Photovoltaic technology, which converts solar energy into a usable source, has not been widely applied to railway carriages. It can lead to considerable reductions in greenhouse gas emissions: for each kWh of energy produced by traditional plants, a reduction of 750g carbon dioxide emitted into the atmosphere is achieved with the photovoltaic modules. Applying photovoltaic modules to rolling-stock also has the potential to reduce dangerous waste by extending the life of accumulators. The current practice is to use a buffer system fed by a continuous current. Suspension of the energy supply sets off the accumulators which continually recharge when run down. In a photovoltaic system, however, accumulators are kept continually charged by solar energy and, as a result, are subject to less damage.
The project aimed to test the possibility of using innovative photovoltaic cells in railways coaches, freight wagons and locomotives, for charging the on board accumulators. This technology was expected to reduce pollution and provide economic savings. Installing photovoltaic tiles on rail coaches would also lead to a reduction in greenhouse gas emissions, as photovoltaic modules keep the accumulators and the auxiliary apparatus of the trains charged during stops, without resorting to primary sources. The project also aimed to create a data bank for measuring the performances obtained in the tests. These results would be disseminated among various interest groups.
The project beneficiary installed amorphous silicon type photovoltaic tiles on five passenger coaches and US 116 photovoltaic panels on two locomotives and three freight coaches. The photovoltaic modules can be attached to the curved surfaces of the coaches, locomotives and freight wagons and keep the on-board accumulators charged even during stops. As well as providing energy cost savings, the photovoltaic technologies offer two significant environmental advantages over non-renewable energy sources: Less greenhouse gas production: The solar panels keep the accumulators and auxiliary devices in charge during the stops, without depending on the main electrical system, with a reduction of 750 gr. of carbon dioxide per KWh of produced energy compared to the traditional sources. Longer lifespan of the accumulators: These are subjected to less wear and tear as a result of the photovoltaic cells being kept constantly charged. Longer lifecycles means less hazardous waste. The energy produced by the photovoltaic panels can have different uses: they can be applied to the coaches and locomotives to charge the accumulators for the lighting and air conditioning, and they can also be installed on the freight carriages to recharge the accumulators so as to ensure the power supply for electric locks used to protect transported goods.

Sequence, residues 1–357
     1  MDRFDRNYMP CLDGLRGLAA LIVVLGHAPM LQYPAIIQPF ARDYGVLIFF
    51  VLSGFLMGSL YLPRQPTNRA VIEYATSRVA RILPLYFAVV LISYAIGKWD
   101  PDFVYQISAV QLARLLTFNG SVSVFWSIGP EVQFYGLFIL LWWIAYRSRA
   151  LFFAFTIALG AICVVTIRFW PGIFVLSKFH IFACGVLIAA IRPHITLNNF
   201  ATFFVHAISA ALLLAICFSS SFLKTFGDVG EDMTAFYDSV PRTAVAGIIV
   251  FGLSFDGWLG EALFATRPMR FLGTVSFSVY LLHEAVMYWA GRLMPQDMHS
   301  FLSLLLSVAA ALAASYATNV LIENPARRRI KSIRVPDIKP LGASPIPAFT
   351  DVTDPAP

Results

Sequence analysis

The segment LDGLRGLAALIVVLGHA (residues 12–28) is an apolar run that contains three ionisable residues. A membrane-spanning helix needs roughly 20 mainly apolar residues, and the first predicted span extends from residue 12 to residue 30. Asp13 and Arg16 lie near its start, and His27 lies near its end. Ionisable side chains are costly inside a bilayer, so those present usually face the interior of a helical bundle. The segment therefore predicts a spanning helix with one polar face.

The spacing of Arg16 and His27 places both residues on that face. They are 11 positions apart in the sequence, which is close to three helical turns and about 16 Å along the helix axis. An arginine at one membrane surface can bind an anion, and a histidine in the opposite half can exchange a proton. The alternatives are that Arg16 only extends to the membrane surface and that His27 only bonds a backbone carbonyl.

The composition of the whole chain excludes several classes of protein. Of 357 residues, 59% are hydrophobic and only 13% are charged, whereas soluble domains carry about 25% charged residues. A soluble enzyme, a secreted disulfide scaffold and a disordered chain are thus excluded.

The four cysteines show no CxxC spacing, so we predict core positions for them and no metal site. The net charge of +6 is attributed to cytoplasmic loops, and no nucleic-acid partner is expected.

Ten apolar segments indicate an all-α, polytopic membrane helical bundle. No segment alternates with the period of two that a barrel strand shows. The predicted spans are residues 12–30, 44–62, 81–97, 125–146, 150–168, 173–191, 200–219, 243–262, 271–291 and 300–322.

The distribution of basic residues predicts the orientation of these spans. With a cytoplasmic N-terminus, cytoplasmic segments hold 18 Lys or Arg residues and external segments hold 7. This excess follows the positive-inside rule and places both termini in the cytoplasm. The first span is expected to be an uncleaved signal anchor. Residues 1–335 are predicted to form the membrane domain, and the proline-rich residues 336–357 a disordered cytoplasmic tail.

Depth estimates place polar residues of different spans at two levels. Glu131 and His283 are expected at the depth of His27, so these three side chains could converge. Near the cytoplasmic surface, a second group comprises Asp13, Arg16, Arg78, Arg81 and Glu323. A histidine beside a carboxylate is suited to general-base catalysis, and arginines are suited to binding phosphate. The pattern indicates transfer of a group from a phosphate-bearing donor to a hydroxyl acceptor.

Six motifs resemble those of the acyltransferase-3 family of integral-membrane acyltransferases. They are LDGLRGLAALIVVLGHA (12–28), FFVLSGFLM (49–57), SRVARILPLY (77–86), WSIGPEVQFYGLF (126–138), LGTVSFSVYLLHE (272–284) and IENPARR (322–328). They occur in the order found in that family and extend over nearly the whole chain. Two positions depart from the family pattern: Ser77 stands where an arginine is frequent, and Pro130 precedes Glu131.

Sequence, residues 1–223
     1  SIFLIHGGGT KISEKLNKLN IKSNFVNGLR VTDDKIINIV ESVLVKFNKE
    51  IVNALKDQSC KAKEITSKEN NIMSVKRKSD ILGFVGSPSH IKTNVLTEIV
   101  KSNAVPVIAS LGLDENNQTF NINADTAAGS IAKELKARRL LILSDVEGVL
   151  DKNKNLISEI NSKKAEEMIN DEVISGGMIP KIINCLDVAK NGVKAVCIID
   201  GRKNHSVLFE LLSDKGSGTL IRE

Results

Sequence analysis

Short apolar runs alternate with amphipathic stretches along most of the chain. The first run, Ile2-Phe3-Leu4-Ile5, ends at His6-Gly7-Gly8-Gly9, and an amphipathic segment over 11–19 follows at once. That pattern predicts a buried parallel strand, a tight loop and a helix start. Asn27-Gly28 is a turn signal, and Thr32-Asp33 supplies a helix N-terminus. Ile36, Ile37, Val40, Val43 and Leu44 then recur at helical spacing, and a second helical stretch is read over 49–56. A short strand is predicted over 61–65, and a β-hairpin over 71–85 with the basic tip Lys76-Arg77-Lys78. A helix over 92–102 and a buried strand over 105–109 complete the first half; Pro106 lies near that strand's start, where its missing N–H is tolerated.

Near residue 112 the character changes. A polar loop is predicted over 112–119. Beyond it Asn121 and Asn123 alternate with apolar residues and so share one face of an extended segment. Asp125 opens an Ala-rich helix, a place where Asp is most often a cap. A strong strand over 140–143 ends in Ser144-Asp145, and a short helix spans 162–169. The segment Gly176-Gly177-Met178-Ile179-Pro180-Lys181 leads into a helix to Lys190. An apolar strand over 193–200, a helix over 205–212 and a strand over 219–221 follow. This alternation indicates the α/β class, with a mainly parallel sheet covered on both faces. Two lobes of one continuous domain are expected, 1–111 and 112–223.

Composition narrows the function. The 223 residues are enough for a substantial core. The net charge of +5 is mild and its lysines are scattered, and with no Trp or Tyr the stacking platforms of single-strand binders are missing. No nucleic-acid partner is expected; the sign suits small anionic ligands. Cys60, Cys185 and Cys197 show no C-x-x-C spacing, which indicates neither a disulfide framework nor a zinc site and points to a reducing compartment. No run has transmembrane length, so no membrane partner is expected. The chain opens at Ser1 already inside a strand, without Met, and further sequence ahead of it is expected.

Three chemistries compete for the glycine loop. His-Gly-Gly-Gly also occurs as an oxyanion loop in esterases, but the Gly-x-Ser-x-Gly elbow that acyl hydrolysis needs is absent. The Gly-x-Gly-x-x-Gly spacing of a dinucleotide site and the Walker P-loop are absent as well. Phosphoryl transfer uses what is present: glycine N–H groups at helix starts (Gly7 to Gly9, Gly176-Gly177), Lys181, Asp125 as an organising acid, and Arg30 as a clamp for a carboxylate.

Trials were carried out on the whole system to assess its validity. Energy yields were shown to have improved in the testing period of June to September 2004 from the same period of the previous year, due to the streamlining of the capturing mechanism. The converter transforms the electric energy generated by the PV panels into electric energy suitable for the recharging of the batteries. For the observation period July 2003 to October 2005, the energy used by the prototype coach was 1378.42 kWh, resulting in a reduction of 1033.82 kg of CO2 emissions. Between August 2004 and October 2005, the energy used by the prototype locomotives was 159.3 KWh (sufficient to keep the on-board accumulators going), with a CO2 emissions reduction of 119.95 kg; the energy used by the prototype freight wagons was 540 KWh (sufficient for the electrical locks), resulting in a reduction of 405.51 kg of CO2 emissions. These results were disseminated to various interest groups and a database was built up. This project has been awarded the title of Best of the Best from a shortlist of 22 Best LIFE Environment projects in 2006-2007